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Scottish politics

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Aileen
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Re: Scottish politics « Reply #120 on: September 25, 2012, 05:44 PM »
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 You have picked up an important distinction - King of Scots refers to the people; King of England refers to the territory. That in itself is a good indicator of the deep difference between the Scots and the English - much more egalitarian and democratic. Goes back to the Declaration of Arbroath and the notion that the monarch ruled with the consent of his people as their champion, and if he didn't, they would replace him .
I wonder if Alis really meant King of Scotland, given that the only Scottish monarch who wasn't called King/Queen of Scotland was Mary, Queen of Scots, and the Queen's full title is - Elizabeth the Second, by the Grace of God, of the United Kingdom of Great Britain and Northern Ireland, and of her other Realms and Territories Queen, Head of the Commonwealth, Defender of the Faith. - so no separate mention of Scotland (Wales became an annexed territory of the English crown in the 13th century).  Of course that leads to another great bone of contention, which, strictly speaking, has a valid basis - namely, that the Queen is not Elizabeth II of Scotland since her ancestral namesake was Queen Elizabeth I of England - something that the Scots Nats made their feelings plain about when our present Queen ascended the throne, going around blowing up post-boxes with EIIR on them and defacing the royal cypher wherever they could.
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Alis
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Re: Scottish politics « Reply #121 on: September 25, 2012, 07:17 PM »
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By the late 11th century at the very latest, Scottish kings were using the term rex Scottorum, or King of Scots, to refer to themselves in Latin. The title of King of Scots fell out of use in 1707 when the Kingdom of Scotland merged with the Kingdom of England to form the Kingdom of Great Britain.  Hpwever. at the opening of the Scottish Parliament in 1999, Lord Steel as the Presiding Officer, referred to Elizabeth II as "not only the Queen of the United Kingdom but seated as you are among us in the historic and constitutionally correct manner as Queen of Scots. " Since that time the Queen has assumed the title of Queen of Scots when in Scotland.  It may not be in her list of official titles but it is accepted as her title in Scotland and Lizzie doesn't seem to object!!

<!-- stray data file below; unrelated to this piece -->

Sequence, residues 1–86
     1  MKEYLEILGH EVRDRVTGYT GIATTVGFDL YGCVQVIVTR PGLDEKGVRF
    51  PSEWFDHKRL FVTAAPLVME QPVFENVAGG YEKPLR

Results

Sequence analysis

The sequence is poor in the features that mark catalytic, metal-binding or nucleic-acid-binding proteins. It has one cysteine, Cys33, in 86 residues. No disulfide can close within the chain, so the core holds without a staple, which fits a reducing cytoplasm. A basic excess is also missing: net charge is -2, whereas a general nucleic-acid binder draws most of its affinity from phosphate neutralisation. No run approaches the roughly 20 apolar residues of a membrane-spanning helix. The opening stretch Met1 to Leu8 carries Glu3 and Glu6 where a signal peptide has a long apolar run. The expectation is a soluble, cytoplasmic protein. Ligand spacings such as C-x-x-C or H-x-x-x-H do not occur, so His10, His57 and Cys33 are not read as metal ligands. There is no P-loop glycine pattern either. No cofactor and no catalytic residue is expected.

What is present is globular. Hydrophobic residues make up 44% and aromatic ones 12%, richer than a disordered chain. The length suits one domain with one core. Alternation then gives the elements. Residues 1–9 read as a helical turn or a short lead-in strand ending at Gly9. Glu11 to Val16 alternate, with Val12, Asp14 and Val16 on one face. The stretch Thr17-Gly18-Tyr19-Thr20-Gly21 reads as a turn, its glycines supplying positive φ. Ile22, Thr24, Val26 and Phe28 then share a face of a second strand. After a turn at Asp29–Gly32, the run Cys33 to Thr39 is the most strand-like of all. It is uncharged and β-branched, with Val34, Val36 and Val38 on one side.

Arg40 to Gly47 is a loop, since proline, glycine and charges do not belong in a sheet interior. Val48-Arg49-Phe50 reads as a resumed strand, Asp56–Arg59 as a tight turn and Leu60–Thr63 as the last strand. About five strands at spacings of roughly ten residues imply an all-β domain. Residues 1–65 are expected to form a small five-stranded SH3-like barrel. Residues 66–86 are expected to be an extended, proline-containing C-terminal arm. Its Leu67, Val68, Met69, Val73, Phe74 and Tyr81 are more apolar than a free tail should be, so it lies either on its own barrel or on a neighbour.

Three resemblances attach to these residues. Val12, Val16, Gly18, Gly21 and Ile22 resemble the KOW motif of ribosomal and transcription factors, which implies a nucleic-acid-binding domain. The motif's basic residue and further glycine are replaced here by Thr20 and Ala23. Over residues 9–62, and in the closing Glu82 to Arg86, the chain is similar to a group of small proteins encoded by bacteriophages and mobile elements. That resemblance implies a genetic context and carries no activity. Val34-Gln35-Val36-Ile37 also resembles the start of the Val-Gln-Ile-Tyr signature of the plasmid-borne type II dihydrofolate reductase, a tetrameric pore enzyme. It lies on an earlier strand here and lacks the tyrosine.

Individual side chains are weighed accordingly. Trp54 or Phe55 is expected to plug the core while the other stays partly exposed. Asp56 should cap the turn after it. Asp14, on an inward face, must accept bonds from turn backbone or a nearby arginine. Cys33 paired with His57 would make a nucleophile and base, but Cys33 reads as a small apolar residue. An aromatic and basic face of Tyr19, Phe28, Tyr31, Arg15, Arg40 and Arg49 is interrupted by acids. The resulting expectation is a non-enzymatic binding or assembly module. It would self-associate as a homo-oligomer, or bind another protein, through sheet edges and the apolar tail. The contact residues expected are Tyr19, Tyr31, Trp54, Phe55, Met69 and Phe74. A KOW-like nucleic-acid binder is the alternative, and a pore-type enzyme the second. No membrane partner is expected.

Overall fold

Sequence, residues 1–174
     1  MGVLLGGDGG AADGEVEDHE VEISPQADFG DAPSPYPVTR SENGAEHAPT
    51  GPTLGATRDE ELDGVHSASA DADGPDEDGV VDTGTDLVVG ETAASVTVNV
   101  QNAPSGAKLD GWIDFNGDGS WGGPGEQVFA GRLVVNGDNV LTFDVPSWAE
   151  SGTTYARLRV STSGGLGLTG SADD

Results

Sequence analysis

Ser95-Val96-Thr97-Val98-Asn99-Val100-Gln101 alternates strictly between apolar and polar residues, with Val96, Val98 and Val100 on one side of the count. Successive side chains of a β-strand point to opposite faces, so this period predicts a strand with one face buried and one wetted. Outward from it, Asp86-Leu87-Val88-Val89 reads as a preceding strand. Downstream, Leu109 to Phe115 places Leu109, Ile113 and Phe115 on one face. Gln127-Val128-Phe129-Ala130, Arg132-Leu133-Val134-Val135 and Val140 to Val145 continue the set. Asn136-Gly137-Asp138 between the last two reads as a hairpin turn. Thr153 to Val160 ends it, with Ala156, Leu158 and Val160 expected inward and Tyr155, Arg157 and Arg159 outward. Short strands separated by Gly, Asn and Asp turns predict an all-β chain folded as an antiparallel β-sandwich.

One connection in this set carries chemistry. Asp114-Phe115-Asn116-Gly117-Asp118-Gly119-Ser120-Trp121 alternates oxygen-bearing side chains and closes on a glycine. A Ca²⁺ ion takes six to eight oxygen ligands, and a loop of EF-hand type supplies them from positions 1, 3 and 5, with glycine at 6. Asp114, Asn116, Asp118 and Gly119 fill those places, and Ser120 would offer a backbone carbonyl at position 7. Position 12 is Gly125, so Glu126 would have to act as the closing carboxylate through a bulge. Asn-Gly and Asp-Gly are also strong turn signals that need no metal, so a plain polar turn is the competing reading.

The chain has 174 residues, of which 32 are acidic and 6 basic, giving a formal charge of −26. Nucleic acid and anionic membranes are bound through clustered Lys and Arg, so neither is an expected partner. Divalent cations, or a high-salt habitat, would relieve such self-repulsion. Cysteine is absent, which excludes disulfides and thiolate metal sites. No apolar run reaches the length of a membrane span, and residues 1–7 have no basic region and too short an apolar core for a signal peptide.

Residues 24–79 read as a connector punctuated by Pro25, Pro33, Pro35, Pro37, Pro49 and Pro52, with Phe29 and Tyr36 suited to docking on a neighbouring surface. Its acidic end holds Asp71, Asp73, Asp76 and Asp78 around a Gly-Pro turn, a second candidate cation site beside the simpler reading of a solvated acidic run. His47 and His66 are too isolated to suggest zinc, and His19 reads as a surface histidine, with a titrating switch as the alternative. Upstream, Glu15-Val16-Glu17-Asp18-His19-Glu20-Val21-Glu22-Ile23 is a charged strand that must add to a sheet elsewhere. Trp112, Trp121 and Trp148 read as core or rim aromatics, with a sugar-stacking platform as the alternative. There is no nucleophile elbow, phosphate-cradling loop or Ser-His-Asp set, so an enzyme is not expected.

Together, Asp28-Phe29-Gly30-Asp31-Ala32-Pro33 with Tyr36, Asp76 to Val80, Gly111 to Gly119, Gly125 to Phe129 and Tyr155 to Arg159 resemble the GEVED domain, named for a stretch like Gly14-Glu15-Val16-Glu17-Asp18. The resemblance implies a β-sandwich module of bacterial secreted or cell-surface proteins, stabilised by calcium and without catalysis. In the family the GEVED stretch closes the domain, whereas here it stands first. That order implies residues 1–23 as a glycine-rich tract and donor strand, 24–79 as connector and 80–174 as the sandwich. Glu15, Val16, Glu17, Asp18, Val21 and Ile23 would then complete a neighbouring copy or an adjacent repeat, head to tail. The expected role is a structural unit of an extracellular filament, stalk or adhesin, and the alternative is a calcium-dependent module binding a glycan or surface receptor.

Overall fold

[ Last edit by Alis September 25, 2012, 07:33 PM ] IP Logged
Aileen
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Re: Scottish politics « Reply #122 on: September 25, 2012, 07:23 PM »
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Thanks Alis.  I didn't recollect that.  Probably the reason the Queen is quite happy with it is because she's half-Scottish and is known to love this country.  Why else would she spend 2/3 months a year in Balmoral?  Incidentally, although HM has said that she will go along with the wishes of the Scottish people, should they opt for independence (I suppose she couldn't very well say anything else), it's for this reason that I think it would be a huge snub if an independent Scotland ditched the monarchy, although I understand Alex Salmond has said that he won't.
[ Last edit by Aileen September 25, 2012, 07:28 PM ] IP Logged
Fiverings
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Re: Scottish politics « Reply #123 on: September 25, 2012, 07:24 PM »
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I wonder if Alis really meant King of Scotland, given that the only Scottish monarch who wasn't called King/Queen of Scotland was Mary, Queen of Scots, 
I'm sure Robert Bruce was styled King of Scots, I thought it was the general style, although it may have been encouraged by the English Monarch  who saw the Scots kings as their feudal vassals, ie they still claimed dominion over the territory.
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Aileen
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Re: Scottish politics « Reply #124 on: September 25, 2012, 07:38 PM »
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I'm sure Robert Bruce was styled King of Scots, I thought it was the general style, although it may have been encouraged by the English Monarch  who saw the Scots kings as their feudal vassals, ie they still claimed dominion over the territory.
Here's an interesting discovery I've just made, although I can't vouch for the truth of it, but it seems Bruce was styled King of Scotland before he won independence for Scotland.  After that he was known as King of Scots.
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Alis
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Re: Scottish politics « Reply #125 on: September 25, 2012, 07:39 PM »
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He was styled 'King of Scotland' by the English not by the Scots.  By the late 11th century Scottish kings were using the term 'Rex Scottorum' or King of Scots.

(Not my words, by the way, but my daughter's who has a PhD in Scottish History!)

 
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Aileen
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Re: Scottish politics « Reply #126 on: September 25, 2012, 07:55 PM »